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Old 02-17-2016, 09:59 AM   #54
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"However, unless there was real weather, we usually used the 16' whaler with it's 50hp evinrude to do it. I've towed up to a 40' boat that way. Use a long tow until you get close to the marina/dock area, then take it on the hip."


Agreed 100% - We always try and leave towing to the professionals but when that is not an alternative we have always had a much easier and safer go of it using a larger inflatable than our boat.
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Old 02-17-2016, 10:12 AM   #55
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Every towing situation is a little different....generalizations are only that.

Even the most very green of boaters can tow in some situations using the absolute in minimum of equipment. As the tows become more demanding...the danger quotient goes up dramatically without the experience to go with it.

Suprisingly I am not necessarily talking towing exoerience...just good old seamanship.


My guess is most TFers are at best half way up that scale (based on posts I read every day)...so if you are going to tow, no problem. Just know when to stop and wait for more experience and or better equipment to show up.
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Old 02-17-2016, 10:30 AM   #56
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Here Here Mr Sneed! We once towed a 35' sailboat in a near typhoon from 100 miles out of San Fran Bay up to Coos Bay Or.........idle ahead, 1 engine was all the tow would take....that was on a different 82. Took two days and 1 night letting the storm blow us that way. Not really something I want to do again, but in reality, I wouldn't trade the experience for anything.
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Old 02-17-2016, 06:29 PM   #57
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Hull speed on sailboats can't be more than 6 to 10 kn so you couldn't tow it any faster than that anyway.

so that's one recommendation don't try to get sailboat up on step.
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Old 03-01-2016, 05:15 PM   #58
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Quote:
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Check with your insurance company...I'll have to check my policy but I thought it may now prohibit towing.
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Keep in mind, when you agree to tow a boat, as captain, you are now liable for that boat. Your insurance WILL NOT COVER YOU OR THEM unless you are a USCG certified captain and have the towing endorsements required and your insurer agrees to it as a part of the contract. Iminent peril excluded.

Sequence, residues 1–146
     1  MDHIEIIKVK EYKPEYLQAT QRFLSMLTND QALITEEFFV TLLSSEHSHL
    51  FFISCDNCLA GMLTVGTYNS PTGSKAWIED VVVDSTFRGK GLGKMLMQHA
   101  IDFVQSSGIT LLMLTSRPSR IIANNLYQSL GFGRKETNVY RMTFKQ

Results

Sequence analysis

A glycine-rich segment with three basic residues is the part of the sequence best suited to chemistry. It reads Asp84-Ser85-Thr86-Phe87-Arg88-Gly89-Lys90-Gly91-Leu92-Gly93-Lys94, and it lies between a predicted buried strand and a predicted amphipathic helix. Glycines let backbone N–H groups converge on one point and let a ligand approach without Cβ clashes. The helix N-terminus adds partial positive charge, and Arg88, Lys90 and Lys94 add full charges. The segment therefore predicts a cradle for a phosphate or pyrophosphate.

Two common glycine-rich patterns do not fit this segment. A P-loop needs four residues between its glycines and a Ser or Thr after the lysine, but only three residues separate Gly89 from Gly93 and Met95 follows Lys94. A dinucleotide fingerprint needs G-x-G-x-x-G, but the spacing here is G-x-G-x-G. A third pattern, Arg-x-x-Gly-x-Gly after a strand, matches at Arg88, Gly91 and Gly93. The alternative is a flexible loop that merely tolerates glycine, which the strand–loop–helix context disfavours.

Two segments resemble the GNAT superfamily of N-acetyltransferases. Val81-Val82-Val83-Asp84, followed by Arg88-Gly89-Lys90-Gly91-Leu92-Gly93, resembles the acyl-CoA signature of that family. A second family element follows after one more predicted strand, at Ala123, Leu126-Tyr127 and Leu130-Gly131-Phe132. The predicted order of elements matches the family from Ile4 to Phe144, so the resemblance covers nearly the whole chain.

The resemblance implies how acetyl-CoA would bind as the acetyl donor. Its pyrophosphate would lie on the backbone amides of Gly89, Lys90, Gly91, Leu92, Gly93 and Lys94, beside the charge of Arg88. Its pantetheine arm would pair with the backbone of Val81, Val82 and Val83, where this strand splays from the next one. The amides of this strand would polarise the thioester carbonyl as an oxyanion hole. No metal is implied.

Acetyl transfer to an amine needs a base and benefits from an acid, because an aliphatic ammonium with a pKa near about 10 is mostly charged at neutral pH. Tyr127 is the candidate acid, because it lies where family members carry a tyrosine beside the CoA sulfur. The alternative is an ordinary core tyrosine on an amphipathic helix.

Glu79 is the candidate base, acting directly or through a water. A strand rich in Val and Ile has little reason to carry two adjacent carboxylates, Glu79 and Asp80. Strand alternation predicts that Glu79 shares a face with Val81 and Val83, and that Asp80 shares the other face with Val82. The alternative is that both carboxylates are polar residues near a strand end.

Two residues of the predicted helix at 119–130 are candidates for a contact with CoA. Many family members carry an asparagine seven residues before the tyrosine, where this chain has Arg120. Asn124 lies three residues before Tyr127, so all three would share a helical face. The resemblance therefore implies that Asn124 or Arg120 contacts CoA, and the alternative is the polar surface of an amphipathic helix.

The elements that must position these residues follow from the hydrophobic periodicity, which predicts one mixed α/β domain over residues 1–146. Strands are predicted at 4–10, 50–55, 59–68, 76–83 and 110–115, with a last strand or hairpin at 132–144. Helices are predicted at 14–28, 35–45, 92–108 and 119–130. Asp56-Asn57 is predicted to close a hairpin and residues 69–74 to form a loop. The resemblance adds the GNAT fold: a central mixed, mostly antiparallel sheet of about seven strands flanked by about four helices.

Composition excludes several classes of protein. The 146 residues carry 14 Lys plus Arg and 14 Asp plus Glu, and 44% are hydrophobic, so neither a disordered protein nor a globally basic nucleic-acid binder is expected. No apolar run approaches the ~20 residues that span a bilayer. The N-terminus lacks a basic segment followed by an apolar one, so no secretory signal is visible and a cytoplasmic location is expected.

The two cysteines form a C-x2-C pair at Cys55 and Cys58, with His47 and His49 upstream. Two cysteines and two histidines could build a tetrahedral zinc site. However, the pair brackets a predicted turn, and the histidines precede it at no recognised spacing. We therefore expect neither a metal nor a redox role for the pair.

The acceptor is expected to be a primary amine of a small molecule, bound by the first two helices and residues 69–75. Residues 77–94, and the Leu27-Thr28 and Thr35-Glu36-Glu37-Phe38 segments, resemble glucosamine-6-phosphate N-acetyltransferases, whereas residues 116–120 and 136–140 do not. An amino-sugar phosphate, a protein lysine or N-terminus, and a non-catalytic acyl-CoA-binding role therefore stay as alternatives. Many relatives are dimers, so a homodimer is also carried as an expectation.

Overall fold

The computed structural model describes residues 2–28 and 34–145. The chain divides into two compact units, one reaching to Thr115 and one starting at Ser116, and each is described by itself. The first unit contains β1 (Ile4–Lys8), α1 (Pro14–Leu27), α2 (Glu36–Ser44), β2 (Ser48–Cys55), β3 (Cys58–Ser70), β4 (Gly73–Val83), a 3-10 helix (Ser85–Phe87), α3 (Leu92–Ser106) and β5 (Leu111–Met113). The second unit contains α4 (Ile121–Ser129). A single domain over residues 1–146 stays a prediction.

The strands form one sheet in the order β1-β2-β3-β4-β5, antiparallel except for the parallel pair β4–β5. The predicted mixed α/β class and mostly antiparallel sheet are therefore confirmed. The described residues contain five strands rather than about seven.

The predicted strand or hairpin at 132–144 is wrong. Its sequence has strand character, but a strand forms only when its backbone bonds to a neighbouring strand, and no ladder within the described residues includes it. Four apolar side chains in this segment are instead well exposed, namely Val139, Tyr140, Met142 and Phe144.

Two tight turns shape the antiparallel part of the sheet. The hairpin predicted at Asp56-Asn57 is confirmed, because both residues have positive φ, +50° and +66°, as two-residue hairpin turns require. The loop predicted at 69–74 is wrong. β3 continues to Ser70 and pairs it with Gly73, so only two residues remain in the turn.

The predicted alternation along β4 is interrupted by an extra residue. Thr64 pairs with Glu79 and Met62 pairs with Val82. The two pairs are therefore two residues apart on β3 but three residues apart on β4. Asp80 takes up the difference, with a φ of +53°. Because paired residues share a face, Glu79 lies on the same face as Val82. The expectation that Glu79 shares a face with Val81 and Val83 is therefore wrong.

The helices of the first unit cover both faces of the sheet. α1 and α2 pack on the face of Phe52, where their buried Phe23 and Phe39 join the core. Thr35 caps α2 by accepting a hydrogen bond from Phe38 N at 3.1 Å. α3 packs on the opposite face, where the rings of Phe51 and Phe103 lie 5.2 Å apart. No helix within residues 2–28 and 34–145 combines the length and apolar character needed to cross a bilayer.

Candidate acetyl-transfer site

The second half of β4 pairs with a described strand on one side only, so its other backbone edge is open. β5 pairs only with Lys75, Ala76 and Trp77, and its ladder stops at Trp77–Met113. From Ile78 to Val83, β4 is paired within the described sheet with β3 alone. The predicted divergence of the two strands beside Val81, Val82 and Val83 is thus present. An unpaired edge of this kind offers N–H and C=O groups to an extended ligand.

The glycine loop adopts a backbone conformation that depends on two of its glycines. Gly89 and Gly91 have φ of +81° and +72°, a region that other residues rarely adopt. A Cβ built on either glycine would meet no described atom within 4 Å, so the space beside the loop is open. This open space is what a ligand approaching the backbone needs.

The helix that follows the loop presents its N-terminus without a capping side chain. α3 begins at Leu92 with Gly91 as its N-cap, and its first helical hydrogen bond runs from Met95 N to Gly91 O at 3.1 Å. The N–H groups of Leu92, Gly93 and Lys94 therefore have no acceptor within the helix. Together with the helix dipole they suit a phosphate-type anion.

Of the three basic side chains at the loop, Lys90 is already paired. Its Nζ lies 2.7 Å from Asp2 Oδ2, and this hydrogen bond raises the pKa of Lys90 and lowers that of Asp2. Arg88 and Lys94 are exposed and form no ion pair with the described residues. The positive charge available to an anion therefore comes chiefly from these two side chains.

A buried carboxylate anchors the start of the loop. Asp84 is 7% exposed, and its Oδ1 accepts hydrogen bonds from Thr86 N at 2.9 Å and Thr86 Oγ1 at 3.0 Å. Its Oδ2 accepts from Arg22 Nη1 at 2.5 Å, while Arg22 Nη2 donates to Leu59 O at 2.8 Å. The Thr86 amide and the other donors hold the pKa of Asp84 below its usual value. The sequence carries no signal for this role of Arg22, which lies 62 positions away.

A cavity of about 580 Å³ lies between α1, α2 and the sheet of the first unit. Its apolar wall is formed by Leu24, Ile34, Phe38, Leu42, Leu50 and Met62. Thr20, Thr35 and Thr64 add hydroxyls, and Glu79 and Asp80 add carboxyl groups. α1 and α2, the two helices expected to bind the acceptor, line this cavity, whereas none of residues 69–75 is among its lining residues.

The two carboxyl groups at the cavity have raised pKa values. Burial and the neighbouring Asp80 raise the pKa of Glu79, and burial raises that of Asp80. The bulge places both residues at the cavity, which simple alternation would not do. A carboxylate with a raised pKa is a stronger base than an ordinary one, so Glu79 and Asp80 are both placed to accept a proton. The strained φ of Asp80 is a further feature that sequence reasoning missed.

The cautions against towing w/o "proper" insurance endorsements caught my eye and I inquired w/ my insurer (BoatUS). Here is their reply re: coverage...

Dear Mr. K,

As long as you are not getting paid for your services because you have a private pleasure usage only policy with us, we are fine with you assisting other boaters on the water. Any damages to your boat will be covered under Boat and Boating Equipment which is the (agreed value) that you currently have on the policy. Any damages to the other persons boat will be covered under the liability limit ($500,000) that you currently have on the policy.

Please let us know if you have any questions or if we can be of further service.


I feel much better and will continue to lend assistance when others are stranded and towing is an appropriate remedy (I have called USCG Aux in non-emergency and they provided fuel to a "stranded" boater out of fuel)
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Old 03-02-2016, 10:38 AM   #59
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Re: # 57 - I've heard and read, but don't know if it's factual, that it's possible to "dive" a sailboat under tow by exceeding its hull speed by some factor. On the occasions (not many) where I've taken another boat under tow (sail or not), it is a slow and deliberate operation, so not a factor in my world.

Anyone know about this or is it another old salt's tale?
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Old 03-02-2016, 11:11 AM   #60
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I have heard it happening to one or two ocean racing sailboats that have "apparently" been sucked down to decks awash...but they slow suddenly and pop back up.

I have never heard of it towing (not from just speed)....or even a warning within the assistance towing community.

I would think most hulls that "might" get sucked under in certain circumstances would require such a pull as they buried themselves, the towing vessel would either be slowed down or it would be obvious as it is not a sudden occurrence from those sailboat examples.

Sure an ocean going tug towing a 30 something sailboat wouldn't notice anything but any of us would.